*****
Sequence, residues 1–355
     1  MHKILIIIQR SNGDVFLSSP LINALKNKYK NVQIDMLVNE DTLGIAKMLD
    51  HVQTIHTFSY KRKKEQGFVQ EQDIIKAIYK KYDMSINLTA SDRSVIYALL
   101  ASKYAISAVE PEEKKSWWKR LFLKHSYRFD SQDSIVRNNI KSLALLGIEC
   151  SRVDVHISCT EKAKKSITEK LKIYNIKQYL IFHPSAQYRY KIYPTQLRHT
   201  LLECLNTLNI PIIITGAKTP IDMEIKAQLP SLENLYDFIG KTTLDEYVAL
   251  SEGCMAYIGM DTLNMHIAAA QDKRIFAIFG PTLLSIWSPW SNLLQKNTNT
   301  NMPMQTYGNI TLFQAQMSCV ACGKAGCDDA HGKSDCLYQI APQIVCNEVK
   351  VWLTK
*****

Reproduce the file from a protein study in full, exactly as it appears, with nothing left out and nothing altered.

Sequence, residues 1–355
     1  MHKILIIIQR SNGDVFLSSP LINALKNKYK NVQIDMLVNE DTLGIAKMLD
    51  HVQTIHTFSY KRKKEQGFVQ EQDIIKAIYK KYDMSINLTA SDRSVIYALL
   101  ASKYAISAVE PEEKKSWWKR LFLKHSYRFD SQDSIVRNNI KSLALLGIEC
   151  SRVDVHISCT EKAKKSITEK LKIYNIKQYL IFHPSAQYRY KIYPTQLRHT
   201  LLECLNTLNI PIIITGAKTP IDMEIKAQLP SLENLYDFIG KTTLDEYVAL
   251  SEGCMAYIGM DTLNMHIAAA QDKRIFAIFG PTLLSIWSPW SNLLQKNTNT
   301  NMPMQTYGNI TLFQAQMSCV ACGKAGCDDA HGKSDCLYQI APQIVCNEVK
   351  VWLTK